If you’re expecting a rip-roaring ride through the wackily entertaining world of time travel films and TV shows, you could be in for a disappointment here.
This book is more of a ride through the scientific and philosophical arguments about trying to define what time actually is, which takes some of the fun away, although science historian Gleick does sprinkle brief appraisals of some classic stories throughout the 313-page book.
These include HG Wells’ groundbreaking The Time Machine from 1895, a bit of Back To The Future, and Ray Bradbury’s A Sound Of Thunder (a time traveller visiting the age of dinosaurs treads on a butterfly, producing the ultimate knock-on effect back in his own time).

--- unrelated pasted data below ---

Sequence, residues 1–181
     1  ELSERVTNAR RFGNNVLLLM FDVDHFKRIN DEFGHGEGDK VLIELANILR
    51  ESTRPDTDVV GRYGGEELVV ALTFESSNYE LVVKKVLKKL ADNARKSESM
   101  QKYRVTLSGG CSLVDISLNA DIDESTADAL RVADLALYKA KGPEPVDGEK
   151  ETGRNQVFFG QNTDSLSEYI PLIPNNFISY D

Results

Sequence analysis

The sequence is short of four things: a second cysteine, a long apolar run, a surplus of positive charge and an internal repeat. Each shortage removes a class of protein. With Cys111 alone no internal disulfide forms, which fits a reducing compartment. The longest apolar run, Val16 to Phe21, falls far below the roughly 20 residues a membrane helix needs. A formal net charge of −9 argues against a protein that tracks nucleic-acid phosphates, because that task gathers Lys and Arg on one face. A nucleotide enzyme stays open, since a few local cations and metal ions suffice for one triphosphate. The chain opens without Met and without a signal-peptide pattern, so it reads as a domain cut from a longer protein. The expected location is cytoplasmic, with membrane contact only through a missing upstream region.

Thankfully, the American author, a time-travel sceptic, also deigns to squeeze in a summary of Doctor Who’s Blink, the first one with the Weeping Angels, although they’re not mentioned here.
An interesting enough book, if you’re after a bit of an intellectual run-through of the thoughts of the likes of Einstein, TS Eliot, and Vladimir Nabokov.